The Info Mystery…

When writing fiction one of the biggest challenges is how much information to give your readers.

Too much, the Dreaded Info-Dump, you end up spending pages on irrelevant back story and boring your readers to death.

Too little, the Big Question Mark, and literally nothing makes sense to your readers.  My blog post on GMC goes into detail about the bad things that can happen. To summarize, character motivations, plot movement, even the story itself can fall to nonsensical tatters.

The real challenge is knowing HOW MUCH to provide.

I’ve developed a few guidelines for my own writing.

These are things you SHOULD include:

What the Protagonist or Main POV KNOWS must be explained as soon as it effects their actions, reactions, or thoughts.

For Example:

If your Main Character is walking down a hall, sees a black cat, then jumps onto a table.  That would be a great time for you to include that she is afraid of black cats, and why.

These things can be integrated into the action as they affect the character for the first time. A full scene is often unnecessary, don’t over do, two or three sentences. Like this:

Maggie walked down the dark corridor with her candlestick grasped tightly in her hand.  Her nose wrinkled at the smell of dust, mold, and death. Out of the corner of her eye she spotted movement, and spun to see the one thing she feared most. A black cat, a witch’s familiar, the merest scratch of its fangs could kill.  The evil little feline sauntered towards her, so Maggie jumped onto a convenient table and brandished her candlestick as a weapon.

World-building Blocks, defining factors that influence your world must be shown or explained, either before or at the same time as they affect the plot.

Example:

Your world includes flying monkeys as messengers. Show and explain.

The monkey flew through the window, teeth bared, and scaled wings flung behind to slow his progress. A sealed parchment was clenched in his tiny fist. Maggie reached out a cautious hand to received the document without being scratched or bitten.  She never would understand why her mother insisted on using monkeys to carry messages.  One such flea-bitten creature had left a ragged scar on her wrist when he bit her three years ago.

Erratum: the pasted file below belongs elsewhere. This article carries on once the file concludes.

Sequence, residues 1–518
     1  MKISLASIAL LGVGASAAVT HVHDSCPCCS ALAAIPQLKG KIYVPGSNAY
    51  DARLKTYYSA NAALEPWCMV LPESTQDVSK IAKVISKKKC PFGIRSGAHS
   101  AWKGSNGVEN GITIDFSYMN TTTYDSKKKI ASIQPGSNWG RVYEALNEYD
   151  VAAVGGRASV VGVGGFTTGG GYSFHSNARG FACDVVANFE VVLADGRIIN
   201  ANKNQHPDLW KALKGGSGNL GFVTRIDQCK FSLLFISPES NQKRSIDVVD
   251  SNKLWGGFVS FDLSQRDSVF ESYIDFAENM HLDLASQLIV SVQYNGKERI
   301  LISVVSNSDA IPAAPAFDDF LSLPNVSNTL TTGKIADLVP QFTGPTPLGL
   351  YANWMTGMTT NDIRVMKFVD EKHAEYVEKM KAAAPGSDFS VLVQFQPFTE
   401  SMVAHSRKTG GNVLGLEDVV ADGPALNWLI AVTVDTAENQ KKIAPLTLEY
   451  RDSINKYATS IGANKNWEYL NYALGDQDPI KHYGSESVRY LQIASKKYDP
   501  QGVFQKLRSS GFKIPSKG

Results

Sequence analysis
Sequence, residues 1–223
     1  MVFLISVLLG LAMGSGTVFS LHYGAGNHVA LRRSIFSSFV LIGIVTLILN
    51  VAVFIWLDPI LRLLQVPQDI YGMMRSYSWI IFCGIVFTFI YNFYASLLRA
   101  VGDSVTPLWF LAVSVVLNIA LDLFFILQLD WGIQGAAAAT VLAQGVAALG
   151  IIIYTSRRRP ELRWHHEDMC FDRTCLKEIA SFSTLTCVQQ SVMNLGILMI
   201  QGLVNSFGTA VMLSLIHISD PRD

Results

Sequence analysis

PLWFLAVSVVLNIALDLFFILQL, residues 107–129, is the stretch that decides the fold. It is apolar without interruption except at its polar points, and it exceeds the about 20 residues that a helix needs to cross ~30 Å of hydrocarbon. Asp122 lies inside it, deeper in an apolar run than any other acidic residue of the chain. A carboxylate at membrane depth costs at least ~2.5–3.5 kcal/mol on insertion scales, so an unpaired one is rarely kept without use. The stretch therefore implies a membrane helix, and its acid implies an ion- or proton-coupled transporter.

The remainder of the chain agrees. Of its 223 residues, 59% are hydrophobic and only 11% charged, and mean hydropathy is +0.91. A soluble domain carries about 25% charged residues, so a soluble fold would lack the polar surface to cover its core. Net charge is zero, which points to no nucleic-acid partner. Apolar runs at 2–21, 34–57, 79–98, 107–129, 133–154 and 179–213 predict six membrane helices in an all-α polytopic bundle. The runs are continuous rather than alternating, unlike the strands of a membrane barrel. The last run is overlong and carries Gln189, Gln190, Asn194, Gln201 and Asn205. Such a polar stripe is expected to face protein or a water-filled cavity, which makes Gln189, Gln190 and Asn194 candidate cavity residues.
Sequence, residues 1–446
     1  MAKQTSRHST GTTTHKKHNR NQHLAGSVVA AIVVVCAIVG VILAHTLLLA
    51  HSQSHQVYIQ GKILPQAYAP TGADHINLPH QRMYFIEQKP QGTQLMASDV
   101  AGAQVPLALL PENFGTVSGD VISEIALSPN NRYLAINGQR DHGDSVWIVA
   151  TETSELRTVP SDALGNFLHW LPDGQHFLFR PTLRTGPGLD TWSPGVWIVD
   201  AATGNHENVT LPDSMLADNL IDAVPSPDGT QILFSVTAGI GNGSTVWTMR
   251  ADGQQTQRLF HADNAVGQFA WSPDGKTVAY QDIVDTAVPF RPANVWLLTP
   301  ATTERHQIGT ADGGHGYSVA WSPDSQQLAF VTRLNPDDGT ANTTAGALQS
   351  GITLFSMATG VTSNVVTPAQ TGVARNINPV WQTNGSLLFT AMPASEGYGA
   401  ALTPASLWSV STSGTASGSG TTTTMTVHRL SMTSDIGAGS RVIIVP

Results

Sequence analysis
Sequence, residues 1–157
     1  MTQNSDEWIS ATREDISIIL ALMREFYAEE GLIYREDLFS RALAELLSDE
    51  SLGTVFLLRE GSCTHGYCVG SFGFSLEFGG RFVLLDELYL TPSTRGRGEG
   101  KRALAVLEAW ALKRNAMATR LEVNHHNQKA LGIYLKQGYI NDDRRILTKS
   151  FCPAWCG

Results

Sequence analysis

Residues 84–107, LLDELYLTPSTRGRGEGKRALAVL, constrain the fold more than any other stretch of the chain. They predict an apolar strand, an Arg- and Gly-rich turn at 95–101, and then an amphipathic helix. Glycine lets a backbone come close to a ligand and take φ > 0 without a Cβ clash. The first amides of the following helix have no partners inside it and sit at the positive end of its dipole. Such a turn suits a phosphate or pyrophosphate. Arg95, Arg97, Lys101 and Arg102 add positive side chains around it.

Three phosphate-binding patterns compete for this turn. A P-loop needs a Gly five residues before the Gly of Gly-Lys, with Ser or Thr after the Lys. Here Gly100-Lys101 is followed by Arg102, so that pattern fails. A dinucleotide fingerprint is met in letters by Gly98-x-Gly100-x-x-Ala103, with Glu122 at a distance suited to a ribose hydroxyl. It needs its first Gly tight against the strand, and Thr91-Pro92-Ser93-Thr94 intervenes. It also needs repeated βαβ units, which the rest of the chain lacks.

Plot developments, must be clear and laid out.  No off stage or behind the scenes events should change the course of the plot without being discussed or explained in detail. As the effected characters discover them.

“What do you mean he was killed?” Maggie screamed.
“The battle went badly, my lady.” The captain ducked his head and lowered his eyes with shame.
“You were supposed to keep him safe!”
“We were separated in the heat of battle. I’m so sorry, my lady.”
“No, no, you’re lying, my brother isn’t dead!”
“He died bravely under a charge of elephant cavalry.”
“No…” Tears streamed down her face.

NOW..here is the major caveat to those rules.

The information given, shown, or “known” does not have to be CORRECT!  Maybe cats aren’t really poisonous but Maggie has been told they are.  Maybe the monkeys are really spies and assassins, the messenger role a cats-paw. Or maybe the captain killed her brother. You can let the reader into the secrets by showing the scenes or other characters POVs, or leave them in the dark until the Main Character discovers them.

Now, what you should NOT include:

Random Unimportant Facts, something fun or quirky about your world that doesn’t influence the story?  Leave it out.  We don’t need to know that the protagonist had a dog growing up, unless it influences them now.  Birds in your world bark instead of sing?  Unless it factors in the story, we don’t need to know.

Overt Foreshadowing, this is an opinion, but I HATE this in novels. This decision will impact the person’s life?  That doesn’t mean you should write the phrase:

Maggie didn’t know it, but this decision would have lasting consequences in her life.

Instead, just let the reader come to their own conclusions based on the actions and thoughts of your characters.  Unless your character is a precognitive psychic they shouldn’t have “feelings” that this will impact them later or a sense of deeper meaning. Nor is such a “feeling” necessary.  If you present the action, and then the consequences this is totally irrelevant.

The villain’s MASTER PLAN, can be a mystery if you never give their POV or that POV is brief.  Most of the time not knowing what the bad guy is doing adds to the tension.  So leave the bad guy or girl as a mystery.  Only revealing the truth as the heroes discover it.

Anything not mentioned.  Yes, anything.  If it doesn’t influence the main characters or the plot, leave it out…

The key is to have everything you need, and nothing you don’t.

Keep Writing!

Jenny